In opening my browser today I came across an infographic from Hubspot called, “Is Your Coworker Actually An A-hole?” Surprisingly, the flowchart, and the article it came wrapped in, threw me back to an era of Monday morning jitters I had not felt in a long time.
As a freelance worker for the last seven years, I can plan my week any way I want. Monday mornings typically find me bouncing out of bed, excited to dive into work and see what the week will bring.
Life was not always so grand. I still remember well the pit in my stomach on the Monday morning commute, knowing I would have to face a supervisor that made it her job to be mad at the world, or a coworker who was simply mean or overbearing.
The funny thing about jerks is, they often complain the loudest about others, using the same profane labels we do for the people they detest. So, who is the true a-hole? Is it the person treating you like crap, or should you take a closer look in the mirror?
What is an a-hole anyway?
(Just like writer Erik Devaney, I prefer the less obtrusive abbreviation of asshole, but maybe you noticed that already.)
Both men and women, despite what they say, take things personally. It’s more dependent on personality traits, whether someone can easily shake off an unfortunate interaction, or hold a grudge. To get a clear picture of the anatomy of an a-hole is, take a look at Hubspot’s infographic below:
This is a pretty cool flowchart – not because we are giving a-holes free rent in our brain, but because the illustration shows that we are not alone, that we do not need to take toxic people personally. If there’s one big takeaway from this whole conversation, it’s to let go of your own personal reactions to these encounters.
As my Danish friend Susanne says, “Pour ice water into your veins and look at the situation again with an objective view.”
The post where the flowchart above came from included seven tips on how to survive workplace assholes, published a few years back in Psychology Today. I’ve whittled those tips down to five, because two pieces of advice waved red flags for me.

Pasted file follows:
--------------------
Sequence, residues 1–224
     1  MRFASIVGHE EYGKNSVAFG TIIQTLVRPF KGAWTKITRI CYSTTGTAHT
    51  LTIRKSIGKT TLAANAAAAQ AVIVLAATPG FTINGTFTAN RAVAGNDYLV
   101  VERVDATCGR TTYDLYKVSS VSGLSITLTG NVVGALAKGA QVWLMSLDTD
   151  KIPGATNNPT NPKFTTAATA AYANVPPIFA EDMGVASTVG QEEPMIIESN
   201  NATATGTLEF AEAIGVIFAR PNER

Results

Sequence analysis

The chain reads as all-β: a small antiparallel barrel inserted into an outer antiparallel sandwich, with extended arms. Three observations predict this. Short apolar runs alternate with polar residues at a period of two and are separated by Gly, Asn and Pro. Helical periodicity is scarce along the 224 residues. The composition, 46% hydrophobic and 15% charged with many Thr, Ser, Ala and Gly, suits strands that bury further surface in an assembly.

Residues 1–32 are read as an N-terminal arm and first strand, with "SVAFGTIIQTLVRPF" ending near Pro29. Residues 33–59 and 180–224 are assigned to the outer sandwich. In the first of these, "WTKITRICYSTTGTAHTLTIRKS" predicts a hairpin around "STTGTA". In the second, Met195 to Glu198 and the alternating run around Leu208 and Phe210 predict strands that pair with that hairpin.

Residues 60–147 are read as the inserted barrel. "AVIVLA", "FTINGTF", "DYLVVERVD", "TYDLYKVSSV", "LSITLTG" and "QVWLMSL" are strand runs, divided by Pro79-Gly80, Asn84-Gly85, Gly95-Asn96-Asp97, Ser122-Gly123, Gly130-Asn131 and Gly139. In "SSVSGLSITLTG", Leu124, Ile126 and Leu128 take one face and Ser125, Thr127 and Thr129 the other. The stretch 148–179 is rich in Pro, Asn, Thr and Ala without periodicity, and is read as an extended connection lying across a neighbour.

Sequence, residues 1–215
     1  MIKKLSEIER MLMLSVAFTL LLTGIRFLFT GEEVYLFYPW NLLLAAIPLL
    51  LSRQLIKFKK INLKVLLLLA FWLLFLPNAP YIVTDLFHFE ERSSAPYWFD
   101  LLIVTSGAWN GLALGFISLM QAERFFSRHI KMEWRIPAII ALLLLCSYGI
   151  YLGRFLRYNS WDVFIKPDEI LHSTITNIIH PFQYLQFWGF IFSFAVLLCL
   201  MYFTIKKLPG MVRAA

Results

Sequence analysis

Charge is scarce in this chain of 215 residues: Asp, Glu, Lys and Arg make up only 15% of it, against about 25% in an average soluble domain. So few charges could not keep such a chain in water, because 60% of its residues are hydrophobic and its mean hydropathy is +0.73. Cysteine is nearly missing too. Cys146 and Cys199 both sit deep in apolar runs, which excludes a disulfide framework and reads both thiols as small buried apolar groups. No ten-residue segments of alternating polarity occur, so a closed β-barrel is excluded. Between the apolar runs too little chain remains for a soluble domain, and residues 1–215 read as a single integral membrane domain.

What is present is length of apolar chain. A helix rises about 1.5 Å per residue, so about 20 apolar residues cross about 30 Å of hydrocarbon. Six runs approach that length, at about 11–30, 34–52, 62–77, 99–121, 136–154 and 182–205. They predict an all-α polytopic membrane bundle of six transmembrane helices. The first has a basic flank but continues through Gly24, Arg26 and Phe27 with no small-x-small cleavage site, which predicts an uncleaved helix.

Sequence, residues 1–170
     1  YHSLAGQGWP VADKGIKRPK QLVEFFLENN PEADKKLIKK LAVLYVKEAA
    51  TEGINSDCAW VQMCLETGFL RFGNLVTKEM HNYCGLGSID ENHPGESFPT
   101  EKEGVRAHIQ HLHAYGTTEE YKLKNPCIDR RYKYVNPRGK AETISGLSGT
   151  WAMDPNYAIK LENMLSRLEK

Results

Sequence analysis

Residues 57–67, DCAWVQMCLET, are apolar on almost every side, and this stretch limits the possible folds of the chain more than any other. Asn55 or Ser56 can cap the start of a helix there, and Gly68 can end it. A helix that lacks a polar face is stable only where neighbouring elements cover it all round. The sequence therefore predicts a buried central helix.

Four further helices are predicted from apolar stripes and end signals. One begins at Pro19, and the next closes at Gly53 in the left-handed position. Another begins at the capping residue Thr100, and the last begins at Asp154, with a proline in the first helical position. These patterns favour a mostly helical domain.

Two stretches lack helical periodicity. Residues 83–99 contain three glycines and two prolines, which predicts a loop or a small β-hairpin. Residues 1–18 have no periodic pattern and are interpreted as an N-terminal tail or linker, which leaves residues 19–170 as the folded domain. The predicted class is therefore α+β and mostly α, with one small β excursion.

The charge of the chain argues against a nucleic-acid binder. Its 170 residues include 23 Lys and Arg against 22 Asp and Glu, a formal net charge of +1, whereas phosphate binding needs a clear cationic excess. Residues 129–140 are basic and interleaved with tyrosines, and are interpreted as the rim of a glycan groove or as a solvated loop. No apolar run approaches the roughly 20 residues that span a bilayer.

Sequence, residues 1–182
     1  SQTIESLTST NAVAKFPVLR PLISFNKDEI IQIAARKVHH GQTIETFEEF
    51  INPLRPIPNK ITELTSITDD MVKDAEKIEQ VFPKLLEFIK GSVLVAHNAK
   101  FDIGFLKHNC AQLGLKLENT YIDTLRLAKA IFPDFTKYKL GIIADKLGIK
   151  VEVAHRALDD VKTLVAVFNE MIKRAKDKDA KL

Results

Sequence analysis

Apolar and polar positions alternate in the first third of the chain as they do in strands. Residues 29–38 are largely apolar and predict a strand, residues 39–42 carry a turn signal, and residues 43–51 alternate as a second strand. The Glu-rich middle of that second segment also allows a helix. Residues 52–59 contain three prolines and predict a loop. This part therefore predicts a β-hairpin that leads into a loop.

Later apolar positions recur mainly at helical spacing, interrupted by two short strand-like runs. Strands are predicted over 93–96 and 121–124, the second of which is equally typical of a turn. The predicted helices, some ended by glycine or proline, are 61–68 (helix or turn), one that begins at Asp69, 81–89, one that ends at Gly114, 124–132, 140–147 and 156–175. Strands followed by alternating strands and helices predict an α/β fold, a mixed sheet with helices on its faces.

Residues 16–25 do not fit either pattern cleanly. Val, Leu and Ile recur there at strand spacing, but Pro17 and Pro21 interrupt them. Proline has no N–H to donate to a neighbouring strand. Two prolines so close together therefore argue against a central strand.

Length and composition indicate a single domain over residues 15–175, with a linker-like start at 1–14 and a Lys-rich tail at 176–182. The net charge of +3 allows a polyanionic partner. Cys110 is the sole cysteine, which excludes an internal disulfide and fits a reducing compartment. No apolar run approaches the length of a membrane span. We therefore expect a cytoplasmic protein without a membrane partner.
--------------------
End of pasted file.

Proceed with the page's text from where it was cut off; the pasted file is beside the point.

Number six in the list suggested recruiting fellow victims and witnesses. This kind of behavior can be a slippery slope. Your job is to fulfill your part of the team work, and find solutions to the problems that may come across your desk. You are not getting paid to gossip and form armies that cause divisiveness in the workplace, no matter what your opinion of another is.
The other piece of advice I do not agree with is taking legal action. Okay, if you have the time, money and energy for that kind of battle, go for it. But if the only offense against you has been a few bad insults, you may want to rethink your own anger issues.
It’s not that I condone bullying of any form. My research has uncovered statistics that almost half the population, in all cultures, has been bullied by others, or acts like bullies. Let’s save that discussion for another post.
Back in the days when I worked for a telemarketing firm, my boss was a disgusting cad. He never failed to make a sexist remark when I approached his desk for a signature on a work form. He reminded me of Pizza The Hut from Spaceballs:
One day, after rolling my eyes and saying, “Okay you had your fun. Can I finally get your signature on this form now?” he looked at me very seriously and said, “I just want to say how grateful I am that you put up with my bad humor.” His eyes started to fill up, much to my shock. “I found out that a group of women here have filed a sexual harassment suit against me. Look at me! I’m just a fat, uneducated guy who doesn’t know any better. Seriously, thank you.”
Wow. from that point on, everything changed. I was no longer angry at my older siblings for teasing me, or my father for his gruff insults. Everyone has feelings on some level.
Strengthen your own soft skills in the face of a jerk
The following five tips are good ones, and may help you get through the pain of Monday stress – and the rest of the week with the office idiot:
- Start with polite confrontation. Some people really don’t mean to be assholes. They might be surprised if you gently let them know that they are leaving you feeling belittled and demeaned. Other assholes are demeaning on purpose, but may stop if you stand up to them in a civil, but, firm manner. An office worker wrote me that her boss was “a major asshole” (he was a former army major, who was infamous for his nastiness). She found that “the major” left her alone after she gave him “a hard stare” and told him his behavior was “absolutely unacceptable and I simply won’t tolerate it.” This is also pretty much what Ron Reagan (the late president’s son) told me on his radio show about how he dealt with assholes when he was a dancer.